Samoa has declared O Le Pupū Puē National Park, established in 1978 as the first National Park in the South Pacific region, as a Wetland of International Importance.
The Site (Ramsar Site no. 2313) extends from the highest points of Upolu Island down to the rugged Le Pupū lava cliffs on the island’s south coast. It is home to two montane herbaceous marshes as well as parts of Mataloa River and Vaalega River, all good representatives of such ecosystems in Samoa.
The Park includes large tracts of forest dominated by native plants, and is considered as the island’s best-preserved remaining tropical forest. It includes parts of the Togitogiga water catchment, the main water source for four villages, and also boasts waterfalls that are a prime tourist attraction.
The Site is an Important Bird and Biodiversity Area as well as one of the eight terrestrial Key Biodiversity Areas of Samoa. Its diverse habitats support four of the eight globally threatened bird species of Samoa including the critically endangered tooth-billed pigeon (Didunculus strigirostris) and the endangered mao (Gymnomyza samoensis), whose populations have severely declined in recent years. Very little is known about the freshwater biodiversity of Samoa; it is likely that the freshwater ecosystems in the Park support significant biodiversity.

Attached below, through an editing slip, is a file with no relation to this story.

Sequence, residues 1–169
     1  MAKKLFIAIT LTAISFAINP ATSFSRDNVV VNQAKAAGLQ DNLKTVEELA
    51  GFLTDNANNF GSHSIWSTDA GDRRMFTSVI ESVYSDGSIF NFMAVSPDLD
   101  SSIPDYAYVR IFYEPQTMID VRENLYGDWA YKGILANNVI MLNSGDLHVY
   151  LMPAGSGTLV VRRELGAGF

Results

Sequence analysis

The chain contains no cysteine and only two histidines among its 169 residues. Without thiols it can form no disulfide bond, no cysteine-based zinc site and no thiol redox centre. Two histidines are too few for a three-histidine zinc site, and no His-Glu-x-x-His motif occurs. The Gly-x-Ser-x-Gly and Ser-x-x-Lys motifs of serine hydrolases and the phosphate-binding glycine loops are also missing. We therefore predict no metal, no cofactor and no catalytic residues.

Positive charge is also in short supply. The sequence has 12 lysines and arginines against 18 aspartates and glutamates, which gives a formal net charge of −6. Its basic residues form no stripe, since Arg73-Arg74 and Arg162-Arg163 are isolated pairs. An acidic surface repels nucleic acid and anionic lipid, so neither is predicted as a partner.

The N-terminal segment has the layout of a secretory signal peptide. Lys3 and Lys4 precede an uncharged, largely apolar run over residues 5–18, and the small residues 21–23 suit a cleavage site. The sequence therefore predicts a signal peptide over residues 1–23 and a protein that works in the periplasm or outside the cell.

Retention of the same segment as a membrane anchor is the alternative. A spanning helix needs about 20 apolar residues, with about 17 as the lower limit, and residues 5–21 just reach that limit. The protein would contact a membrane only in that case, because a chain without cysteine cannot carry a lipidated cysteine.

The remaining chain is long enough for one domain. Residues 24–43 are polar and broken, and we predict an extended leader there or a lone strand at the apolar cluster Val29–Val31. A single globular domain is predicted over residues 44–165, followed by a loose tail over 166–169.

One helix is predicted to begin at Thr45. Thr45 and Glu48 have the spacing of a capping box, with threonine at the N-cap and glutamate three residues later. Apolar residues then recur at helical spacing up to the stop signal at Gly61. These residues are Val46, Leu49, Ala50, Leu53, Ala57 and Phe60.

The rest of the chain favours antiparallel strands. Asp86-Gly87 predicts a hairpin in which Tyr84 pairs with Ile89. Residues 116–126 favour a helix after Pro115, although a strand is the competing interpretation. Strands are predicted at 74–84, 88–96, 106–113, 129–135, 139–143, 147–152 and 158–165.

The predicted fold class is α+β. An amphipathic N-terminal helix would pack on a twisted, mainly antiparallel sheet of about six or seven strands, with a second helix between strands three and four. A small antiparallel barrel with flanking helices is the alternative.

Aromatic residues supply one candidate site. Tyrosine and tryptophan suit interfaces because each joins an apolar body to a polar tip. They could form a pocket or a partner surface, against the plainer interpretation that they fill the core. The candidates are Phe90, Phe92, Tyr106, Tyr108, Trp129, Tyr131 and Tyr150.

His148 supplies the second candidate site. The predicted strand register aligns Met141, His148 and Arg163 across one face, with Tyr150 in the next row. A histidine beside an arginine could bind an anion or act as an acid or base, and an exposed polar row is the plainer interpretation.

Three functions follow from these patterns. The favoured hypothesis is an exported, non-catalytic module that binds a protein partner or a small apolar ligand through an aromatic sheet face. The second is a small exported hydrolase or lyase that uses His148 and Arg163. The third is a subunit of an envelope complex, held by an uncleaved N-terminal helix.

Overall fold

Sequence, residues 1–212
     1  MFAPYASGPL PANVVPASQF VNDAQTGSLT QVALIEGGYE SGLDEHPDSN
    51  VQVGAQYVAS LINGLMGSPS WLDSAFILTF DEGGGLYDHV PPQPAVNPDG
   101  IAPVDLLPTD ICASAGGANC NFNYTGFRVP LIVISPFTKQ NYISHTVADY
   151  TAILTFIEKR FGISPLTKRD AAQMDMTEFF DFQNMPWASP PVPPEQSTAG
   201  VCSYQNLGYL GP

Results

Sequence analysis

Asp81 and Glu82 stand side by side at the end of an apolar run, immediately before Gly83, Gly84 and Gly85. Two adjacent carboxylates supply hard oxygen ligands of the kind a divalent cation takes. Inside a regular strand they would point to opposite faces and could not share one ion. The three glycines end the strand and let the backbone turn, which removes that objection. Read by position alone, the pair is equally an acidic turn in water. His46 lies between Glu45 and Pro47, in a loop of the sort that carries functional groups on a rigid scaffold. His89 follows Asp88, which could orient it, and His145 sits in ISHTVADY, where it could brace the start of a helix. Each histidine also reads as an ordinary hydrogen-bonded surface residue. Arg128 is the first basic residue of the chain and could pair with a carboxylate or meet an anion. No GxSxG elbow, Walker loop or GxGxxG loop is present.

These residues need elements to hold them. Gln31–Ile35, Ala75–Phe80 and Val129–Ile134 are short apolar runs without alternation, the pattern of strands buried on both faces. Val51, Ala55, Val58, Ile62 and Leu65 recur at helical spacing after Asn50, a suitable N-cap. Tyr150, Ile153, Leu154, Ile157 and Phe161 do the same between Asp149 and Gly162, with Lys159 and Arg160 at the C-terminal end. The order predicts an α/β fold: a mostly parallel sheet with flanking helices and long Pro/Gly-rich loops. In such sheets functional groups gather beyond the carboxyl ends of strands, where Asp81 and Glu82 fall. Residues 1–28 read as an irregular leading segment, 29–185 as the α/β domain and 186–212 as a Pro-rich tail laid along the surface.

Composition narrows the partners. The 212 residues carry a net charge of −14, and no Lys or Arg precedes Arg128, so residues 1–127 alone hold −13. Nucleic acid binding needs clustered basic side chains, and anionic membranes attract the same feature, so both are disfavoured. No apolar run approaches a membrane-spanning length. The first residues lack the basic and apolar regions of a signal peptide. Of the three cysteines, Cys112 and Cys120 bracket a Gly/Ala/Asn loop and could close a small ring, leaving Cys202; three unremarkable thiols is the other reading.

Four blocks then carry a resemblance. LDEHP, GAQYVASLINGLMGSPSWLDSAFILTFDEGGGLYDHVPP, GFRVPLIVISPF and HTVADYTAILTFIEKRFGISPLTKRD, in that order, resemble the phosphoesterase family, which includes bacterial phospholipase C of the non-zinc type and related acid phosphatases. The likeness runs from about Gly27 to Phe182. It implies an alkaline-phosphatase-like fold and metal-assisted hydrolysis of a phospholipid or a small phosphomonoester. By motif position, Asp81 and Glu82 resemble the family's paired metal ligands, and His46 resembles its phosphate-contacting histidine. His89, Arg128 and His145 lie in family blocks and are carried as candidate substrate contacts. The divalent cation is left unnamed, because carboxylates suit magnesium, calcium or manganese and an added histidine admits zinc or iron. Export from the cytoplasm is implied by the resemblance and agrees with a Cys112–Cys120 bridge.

Several management actions are being undertaken to address the vigorous spread of invasive plants after the cyclones of 1990 and 1991 caused extensive damage to the lowland forests.